Strategic planning relates to the procedure of positioning a company to achieve its prospective objectives based on its unique terms. It is an organizational management approach used to establish priorities, reinforce operations, allocate resources, ensure employees work toward common objectives, and evaluate and adjust a company’s direction in response to the evolving business environment.1 Strategic planning is a crucial element of the change management process, which occurs in response to the wide-ranging and rapid adjustments experienced by business entities, including municipalities. From a business perspective, this procedure helps a company sail through turbulent market environments by facilitating the alignment of the organizational resources effectively to ensure optimal performance in the face of rapid market modifications.2 This paper provides a comprehensive analysis of the procedures used to distinguish strategic issues and the criteria for ascertaining their priority.
Identifying Strategic Issues
The first step in identifying the strategic issues involves describing the policy or management concern facing the organization. The policy issue’s description consists of understanding its nature by investigating fundamental aspects of the problem. For instance, it is crucial to comprehend the best course of action to be undertaken and why it should be considered for the organization. Furthermore, in the quest to fathom the nature of the policy or management issue, one should consider the plan for addressing the problem and the appropriate timelines. Moreover, understanding the persons involved in addressing the issues and the policy issue’s probable pros and cons is fundamental in identifying the strategic problem.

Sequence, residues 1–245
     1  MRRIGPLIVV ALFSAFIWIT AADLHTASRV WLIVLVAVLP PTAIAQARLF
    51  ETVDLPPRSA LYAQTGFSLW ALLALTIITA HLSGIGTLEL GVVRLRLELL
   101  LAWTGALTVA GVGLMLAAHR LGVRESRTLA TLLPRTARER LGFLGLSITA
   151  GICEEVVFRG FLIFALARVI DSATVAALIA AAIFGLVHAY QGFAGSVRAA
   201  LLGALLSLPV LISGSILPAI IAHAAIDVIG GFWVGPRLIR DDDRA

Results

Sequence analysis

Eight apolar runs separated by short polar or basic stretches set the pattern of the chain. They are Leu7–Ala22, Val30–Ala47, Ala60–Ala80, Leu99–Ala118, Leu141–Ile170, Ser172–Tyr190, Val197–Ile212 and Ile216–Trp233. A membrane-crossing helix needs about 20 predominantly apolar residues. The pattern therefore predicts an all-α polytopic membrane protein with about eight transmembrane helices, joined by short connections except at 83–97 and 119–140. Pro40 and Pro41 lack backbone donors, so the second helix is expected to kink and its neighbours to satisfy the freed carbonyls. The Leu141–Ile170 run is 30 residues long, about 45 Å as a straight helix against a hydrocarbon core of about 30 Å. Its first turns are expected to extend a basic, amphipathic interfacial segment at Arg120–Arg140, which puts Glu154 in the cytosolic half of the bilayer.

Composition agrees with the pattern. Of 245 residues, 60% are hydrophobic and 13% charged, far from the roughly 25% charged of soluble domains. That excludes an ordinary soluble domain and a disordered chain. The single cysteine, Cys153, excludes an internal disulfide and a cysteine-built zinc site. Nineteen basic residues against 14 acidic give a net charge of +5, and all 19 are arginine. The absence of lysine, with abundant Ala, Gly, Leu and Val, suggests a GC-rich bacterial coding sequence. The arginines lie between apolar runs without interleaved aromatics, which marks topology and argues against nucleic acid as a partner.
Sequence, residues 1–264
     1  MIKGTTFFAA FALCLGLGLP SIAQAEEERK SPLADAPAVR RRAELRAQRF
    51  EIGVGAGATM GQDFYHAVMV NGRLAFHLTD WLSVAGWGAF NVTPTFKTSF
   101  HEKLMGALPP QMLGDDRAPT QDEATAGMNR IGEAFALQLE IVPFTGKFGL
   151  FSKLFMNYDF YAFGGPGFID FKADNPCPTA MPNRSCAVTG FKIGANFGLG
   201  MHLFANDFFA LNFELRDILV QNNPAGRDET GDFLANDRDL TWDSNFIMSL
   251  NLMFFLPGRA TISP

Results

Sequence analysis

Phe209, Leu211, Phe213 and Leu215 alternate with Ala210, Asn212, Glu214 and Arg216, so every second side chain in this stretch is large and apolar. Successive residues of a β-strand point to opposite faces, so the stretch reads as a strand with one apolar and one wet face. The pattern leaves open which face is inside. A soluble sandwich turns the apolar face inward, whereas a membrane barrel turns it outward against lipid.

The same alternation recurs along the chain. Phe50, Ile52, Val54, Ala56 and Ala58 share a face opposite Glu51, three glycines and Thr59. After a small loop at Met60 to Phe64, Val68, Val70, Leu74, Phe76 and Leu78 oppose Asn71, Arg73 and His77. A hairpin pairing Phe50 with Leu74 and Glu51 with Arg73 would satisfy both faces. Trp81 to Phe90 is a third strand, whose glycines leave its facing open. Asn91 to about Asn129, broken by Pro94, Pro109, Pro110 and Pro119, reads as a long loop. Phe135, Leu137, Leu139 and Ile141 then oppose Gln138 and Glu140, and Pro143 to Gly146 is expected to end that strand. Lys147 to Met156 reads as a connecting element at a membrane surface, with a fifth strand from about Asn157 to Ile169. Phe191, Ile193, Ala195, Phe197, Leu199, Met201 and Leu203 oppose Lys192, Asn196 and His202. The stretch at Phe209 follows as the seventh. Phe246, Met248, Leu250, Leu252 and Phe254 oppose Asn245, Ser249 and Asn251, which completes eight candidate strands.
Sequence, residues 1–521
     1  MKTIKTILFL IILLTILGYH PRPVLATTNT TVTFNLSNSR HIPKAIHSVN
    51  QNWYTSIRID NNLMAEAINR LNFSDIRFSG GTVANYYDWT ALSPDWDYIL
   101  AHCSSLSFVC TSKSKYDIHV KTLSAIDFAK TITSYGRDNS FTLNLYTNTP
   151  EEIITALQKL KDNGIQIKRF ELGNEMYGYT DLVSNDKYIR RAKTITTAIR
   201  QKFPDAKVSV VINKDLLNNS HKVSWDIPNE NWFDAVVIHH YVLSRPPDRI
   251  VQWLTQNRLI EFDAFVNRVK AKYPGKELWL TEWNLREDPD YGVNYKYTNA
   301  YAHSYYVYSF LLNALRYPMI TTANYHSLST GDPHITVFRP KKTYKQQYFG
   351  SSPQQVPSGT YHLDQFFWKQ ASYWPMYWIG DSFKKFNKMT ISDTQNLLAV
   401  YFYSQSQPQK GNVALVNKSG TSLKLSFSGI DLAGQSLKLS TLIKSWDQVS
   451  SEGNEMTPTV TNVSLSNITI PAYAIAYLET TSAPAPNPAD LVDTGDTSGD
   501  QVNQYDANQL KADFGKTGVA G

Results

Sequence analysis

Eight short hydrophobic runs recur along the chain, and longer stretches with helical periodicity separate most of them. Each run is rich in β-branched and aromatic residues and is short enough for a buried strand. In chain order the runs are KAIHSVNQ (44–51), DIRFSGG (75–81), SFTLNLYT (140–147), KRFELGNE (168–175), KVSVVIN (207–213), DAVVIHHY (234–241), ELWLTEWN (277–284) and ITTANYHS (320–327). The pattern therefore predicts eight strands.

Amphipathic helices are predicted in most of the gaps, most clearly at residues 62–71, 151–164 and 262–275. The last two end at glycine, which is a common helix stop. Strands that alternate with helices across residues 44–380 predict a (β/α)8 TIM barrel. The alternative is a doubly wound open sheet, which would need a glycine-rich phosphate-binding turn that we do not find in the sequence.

The second phase entails formulating a discussion of the relevant factors contributing to the problem’s strategic nature. The factors under review include external and internal factors, environmental aspects, mission, and mandate linked to the strategic issue. The internal environmental elements related to a policy issue include the influence on the organizational management and the need for the organization’s resources. The external features associated with a policy or management issue include the response to the changes in the market characteristics and the contribution to the organization’s competitiveness given the other players in the market3. The influence of the policy issue on the realization of the organizational mission is a fundamental element. Further, the scope of the mandate attached to the policy issue will determine its strategic nature.
The third and ultimate phase under this procedure incorporates drawing a brief discussion concerning the consequences that would befall the organization if the policy issue fails to be addressed. Understanding the impact –whether negative or positive– on the policy matter is essential in identifying a strategic problem. Indeed, analyzing the consequence of the concern towards the organization’s functioning through the departments such as finance, human resources, research and development, planning, and production is crucial4. The failure to address the policy issue would generate unfavorable or favorable outcomes; hence, the strategic planning team must have the nature of the consequences in their mind.
Criteria for Determining the Priority for Strategic Issues
Urgency and Strategic Relevance